An LA Times editorial says the commission should be created immediately, in combination with the Office of Inspector General—not as an “afterthought,” so that the two work together to oversee the department. Here are some clips:
…in creating the IG position, the supervisors withheld two vital features: a set term of office and protection from being fired without good cause.
It is now clear that the board should set up the commission right away, even as it completes the build-out of the inspector general’s office. To do otherwise — to determine the inspector general’s scope of access to internal sheriff’s department documents and to decide whether the IG will have something tantamount to an attorney-client relationship with the sheriff, the board or the county — would be senseless without first knowing whether the IG will report to an oversight body. A commission would become an afterthought to an inspector general who already would have established protocols and privileges. Those properly should be hammered out in cooperation with the commission.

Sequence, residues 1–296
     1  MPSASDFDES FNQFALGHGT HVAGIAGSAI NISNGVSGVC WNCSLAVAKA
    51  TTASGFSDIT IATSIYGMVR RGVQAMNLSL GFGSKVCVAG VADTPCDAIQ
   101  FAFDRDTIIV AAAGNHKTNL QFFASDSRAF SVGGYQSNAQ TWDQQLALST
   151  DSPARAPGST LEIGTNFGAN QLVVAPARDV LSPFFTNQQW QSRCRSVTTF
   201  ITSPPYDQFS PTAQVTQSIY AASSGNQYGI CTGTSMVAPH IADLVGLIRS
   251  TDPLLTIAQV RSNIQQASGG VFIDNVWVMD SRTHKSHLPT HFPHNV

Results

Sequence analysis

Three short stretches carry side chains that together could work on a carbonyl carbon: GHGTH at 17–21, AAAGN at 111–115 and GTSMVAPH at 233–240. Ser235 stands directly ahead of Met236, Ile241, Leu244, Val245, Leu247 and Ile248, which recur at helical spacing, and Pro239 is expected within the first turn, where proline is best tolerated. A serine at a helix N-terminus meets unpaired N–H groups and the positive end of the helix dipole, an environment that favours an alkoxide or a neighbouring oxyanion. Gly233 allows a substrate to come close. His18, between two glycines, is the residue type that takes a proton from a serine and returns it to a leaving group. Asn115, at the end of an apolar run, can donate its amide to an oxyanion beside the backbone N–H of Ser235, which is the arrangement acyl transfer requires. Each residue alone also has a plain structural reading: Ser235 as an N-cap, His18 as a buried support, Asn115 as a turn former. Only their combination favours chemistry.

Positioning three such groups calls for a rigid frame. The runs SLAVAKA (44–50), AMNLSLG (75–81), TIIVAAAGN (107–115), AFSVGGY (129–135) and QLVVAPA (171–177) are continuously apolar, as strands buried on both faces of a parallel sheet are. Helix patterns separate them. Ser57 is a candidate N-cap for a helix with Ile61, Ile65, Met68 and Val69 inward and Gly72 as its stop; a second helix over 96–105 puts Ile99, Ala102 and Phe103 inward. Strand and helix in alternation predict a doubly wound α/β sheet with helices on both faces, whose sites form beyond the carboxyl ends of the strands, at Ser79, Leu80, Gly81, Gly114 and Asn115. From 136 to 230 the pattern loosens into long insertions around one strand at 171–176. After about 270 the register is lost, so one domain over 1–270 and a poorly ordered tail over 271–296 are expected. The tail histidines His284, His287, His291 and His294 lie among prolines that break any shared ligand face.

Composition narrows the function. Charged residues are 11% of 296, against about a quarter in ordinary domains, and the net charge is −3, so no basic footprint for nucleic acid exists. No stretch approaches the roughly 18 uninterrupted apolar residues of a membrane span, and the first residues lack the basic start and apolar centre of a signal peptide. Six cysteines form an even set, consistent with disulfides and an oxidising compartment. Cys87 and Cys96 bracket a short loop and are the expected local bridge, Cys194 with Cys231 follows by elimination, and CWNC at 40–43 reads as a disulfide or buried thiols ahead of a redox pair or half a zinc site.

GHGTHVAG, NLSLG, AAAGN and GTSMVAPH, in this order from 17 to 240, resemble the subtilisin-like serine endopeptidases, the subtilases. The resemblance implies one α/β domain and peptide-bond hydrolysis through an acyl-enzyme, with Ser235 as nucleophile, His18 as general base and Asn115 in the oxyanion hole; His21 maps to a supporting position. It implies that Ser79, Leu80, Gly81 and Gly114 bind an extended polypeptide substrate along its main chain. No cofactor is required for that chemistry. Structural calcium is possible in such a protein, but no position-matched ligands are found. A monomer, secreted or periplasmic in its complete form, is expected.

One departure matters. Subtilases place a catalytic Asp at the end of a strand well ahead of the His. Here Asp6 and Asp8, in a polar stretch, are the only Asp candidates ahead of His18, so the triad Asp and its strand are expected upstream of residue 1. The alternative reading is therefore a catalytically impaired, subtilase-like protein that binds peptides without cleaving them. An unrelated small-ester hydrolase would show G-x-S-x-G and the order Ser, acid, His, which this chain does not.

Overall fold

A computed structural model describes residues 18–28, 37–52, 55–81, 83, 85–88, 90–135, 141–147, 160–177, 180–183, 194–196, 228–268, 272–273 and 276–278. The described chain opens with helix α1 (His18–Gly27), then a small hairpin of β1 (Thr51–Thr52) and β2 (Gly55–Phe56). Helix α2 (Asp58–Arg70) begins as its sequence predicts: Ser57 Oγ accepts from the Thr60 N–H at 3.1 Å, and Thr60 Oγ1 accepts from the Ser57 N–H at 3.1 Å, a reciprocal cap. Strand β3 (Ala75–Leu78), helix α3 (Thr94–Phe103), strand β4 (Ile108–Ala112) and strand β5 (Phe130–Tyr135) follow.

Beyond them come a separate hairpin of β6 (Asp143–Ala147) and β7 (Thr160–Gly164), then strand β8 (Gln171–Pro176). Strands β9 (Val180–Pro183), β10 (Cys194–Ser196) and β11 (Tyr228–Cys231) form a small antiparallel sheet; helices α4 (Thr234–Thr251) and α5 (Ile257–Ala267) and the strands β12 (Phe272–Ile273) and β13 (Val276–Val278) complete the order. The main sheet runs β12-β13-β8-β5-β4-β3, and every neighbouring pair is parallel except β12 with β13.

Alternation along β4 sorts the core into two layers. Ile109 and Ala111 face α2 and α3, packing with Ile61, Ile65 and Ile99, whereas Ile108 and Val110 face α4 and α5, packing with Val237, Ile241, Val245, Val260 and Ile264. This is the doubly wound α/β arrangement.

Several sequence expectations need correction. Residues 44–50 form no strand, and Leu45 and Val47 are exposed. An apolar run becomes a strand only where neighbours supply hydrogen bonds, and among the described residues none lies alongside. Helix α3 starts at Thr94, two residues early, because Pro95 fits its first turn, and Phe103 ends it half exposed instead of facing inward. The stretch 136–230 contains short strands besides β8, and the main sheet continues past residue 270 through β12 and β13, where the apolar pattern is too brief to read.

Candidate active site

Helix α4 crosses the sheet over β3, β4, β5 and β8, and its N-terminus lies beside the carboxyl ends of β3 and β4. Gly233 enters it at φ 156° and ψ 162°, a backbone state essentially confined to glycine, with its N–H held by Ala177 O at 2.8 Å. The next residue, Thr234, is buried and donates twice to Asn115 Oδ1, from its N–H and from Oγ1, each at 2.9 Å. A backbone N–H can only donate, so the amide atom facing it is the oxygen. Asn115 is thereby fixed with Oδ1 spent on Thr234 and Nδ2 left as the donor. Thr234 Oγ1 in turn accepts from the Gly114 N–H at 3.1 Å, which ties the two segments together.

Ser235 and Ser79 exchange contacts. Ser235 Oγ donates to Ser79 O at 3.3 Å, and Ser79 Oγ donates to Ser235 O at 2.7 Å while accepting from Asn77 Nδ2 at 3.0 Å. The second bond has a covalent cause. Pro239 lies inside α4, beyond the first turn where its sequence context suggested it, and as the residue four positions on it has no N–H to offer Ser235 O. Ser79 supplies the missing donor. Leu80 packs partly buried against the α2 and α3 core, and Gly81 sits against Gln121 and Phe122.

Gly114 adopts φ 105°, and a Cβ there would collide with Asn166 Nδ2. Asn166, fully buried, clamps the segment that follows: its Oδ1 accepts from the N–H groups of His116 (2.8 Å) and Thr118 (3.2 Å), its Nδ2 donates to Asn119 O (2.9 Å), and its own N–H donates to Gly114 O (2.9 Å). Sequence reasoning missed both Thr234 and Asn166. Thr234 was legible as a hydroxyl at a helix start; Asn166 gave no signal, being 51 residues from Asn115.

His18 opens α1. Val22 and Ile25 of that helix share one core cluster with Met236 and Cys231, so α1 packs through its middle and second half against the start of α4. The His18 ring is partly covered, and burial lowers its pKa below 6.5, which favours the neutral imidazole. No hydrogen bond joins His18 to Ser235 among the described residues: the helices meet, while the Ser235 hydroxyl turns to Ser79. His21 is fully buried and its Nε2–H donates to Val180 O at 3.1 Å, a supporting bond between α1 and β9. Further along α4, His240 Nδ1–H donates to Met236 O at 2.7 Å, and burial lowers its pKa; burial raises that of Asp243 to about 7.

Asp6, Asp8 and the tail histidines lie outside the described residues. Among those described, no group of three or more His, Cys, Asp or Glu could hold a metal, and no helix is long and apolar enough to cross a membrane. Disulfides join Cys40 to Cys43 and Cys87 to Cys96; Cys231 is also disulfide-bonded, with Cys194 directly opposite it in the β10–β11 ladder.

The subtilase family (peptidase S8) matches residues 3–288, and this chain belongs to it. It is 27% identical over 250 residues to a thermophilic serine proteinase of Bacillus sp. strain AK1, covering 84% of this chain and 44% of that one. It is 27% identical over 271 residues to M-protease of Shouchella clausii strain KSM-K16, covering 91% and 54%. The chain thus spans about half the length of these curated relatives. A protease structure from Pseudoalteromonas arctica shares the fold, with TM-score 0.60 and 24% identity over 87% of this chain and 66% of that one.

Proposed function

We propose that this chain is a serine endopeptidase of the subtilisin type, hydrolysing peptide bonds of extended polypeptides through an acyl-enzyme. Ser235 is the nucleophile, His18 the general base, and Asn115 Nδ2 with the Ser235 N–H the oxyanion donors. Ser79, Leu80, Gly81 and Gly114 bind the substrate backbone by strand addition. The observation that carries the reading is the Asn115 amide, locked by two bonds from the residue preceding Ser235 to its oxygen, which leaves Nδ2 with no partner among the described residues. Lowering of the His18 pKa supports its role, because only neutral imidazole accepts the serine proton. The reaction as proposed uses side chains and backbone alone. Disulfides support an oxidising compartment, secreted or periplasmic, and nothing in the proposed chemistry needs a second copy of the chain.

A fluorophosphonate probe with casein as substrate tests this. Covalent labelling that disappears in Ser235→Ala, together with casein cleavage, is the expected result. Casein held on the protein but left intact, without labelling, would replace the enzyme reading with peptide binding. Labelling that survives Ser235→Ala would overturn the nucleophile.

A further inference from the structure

The board should make it clear now that it will establish a citizens oversight commission to work in tandem with the inspector general, with both parts and the Board of Supervisors being interlinked gears in an integrated oversight mechanism.
The citizens oversight commission should instead have nine members, with five board appointees supplemented by four either picked by the first five from a pool of names assembled, perhaps, by Superior Court judges or mayors from the county’s contract cities in consultation with community advocates, or directly appointed by authorities outside the ambit of either the sheriff or the Board of Supervisors.